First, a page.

Best Upper East Side restaurants
While many neighborhood Japanese joints serve sushi rolls with wacky names, Sushi of Gari prefers to play with unusual ingredients and oddball combinations. Adventurous eaters brave long lines to cram into his small place and order a sushi tasting menu (Gari’s Choice). Sugio has been known to pair seared foie gras with daikon radish; salmon with tomato and onion; and spicy tuna with mayo, Tabasco and sesame oil.
This pint-sized restaurant packs a serious culinary punch thanks to its comforting dishes—order the gooey mac and cheese—that remind diners of meals cooked in their very own homes.
Since 2008, expansion-minded chef Michael White has focused his restaurants in the upper echelons of soulful Italian cooking. But the multi-Michelin-starred toque goes French with this 186-seat dining room, named after a landlocked region in southeastern France and decorated with illuminated banquettes, arched doorways and vaulted ceilings hung with chandeliers.
This expansive spot on the UES is trendier than your average hole-in-the-wall Thai spot, thanks to its floor-to-ceiling windows and hanging plants. Bring a group of friends to order from the menu that ranges from comfy classics to adventurous palate pleasers.
The Anglophilic Fat Radish folks bring their downtown dandy-baiting brand of cool to the Upper East Side with this bi-level seasonal eatery. The kitchen takes on elevated home-style cooking, featuring dishes like summer-cucumber salad, fried Cape Cod oysters with edible seaweed, and a fennel-and-fish pie with lobster and mussels. The downstairs dining room is outfitted with subtle nautical touches like white-washed copper walls and navy-blue leather banquettes.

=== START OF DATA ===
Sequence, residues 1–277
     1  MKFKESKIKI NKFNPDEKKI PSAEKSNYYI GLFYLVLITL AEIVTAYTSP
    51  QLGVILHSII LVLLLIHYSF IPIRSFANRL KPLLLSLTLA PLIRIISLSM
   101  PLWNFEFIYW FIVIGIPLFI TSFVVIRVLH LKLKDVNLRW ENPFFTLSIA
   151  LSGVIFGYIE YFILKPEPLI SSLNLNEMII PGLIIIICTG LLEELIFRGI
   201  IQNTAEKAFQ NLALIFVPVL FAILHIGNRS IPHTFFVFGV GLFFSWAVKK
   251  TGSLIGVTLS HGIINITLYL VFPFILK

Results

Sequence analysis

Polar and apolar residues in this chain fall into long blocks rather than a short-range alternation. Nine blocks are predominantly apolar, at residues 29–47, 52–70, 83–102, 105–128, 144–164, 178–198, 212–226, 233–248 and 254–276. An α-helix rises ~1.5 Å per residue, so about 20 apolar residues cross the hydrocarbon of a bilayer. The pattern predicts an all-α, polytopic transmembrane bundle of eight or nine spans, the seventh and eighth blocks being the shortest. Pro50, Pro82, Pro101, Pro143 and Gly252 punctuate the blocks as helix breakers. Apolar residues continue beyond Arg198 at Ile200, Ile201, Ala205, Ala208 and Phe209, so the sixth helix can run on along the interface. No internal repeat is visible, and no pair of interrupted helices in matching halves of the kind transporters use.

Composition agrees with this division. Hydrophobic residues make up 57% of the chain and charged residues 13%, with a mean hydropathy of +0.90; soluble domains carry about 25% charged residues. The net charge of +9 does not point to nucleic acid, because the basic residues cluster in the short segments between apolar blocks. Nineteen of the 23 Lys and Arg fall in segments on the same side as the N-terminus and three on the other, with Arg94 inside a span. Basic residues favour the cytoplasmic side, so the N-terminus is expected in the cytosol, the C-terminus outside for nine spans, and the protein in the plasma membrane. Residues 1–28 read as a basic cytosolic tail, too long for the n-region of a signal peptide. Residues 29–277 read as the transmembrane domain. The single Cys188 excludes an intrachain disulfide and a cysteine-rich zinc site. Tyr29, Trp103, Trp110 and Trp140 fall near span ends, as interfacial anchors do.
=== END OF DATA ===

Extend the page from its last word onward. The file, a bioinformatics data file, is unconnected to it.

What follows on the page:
Gourmet grocer Eli Zabar spotlights earthy fare like ricotta gnocchi and charred rib eye steak at his full-service restaurant, with a by-the-glass wine list featuring bottles pulled from his Zabar's storefront.
The Jewish Museum, housed in the 1908 Warburg Mansion, mounts exhibitions of contemproary and modern art related to Judaica. And lucky for hungry visitors, there is a permanent uptown outpost of Russ & Daughters, the iconic Lower East Side purveyor of kosher delicacies like lox, sable and whitefish.
Decked out with dangling palm ferns and Cuban checkered-tile floors, this sunny pizzeria from brother-owners Tom and Anthony Martignetti (Brinkley's, Southside) features creative pies like purple kale with butternut squash and Thai coconut curry with rock shrimp. It's not as good as eating pizza by the actual beach, but it's pretty darn close.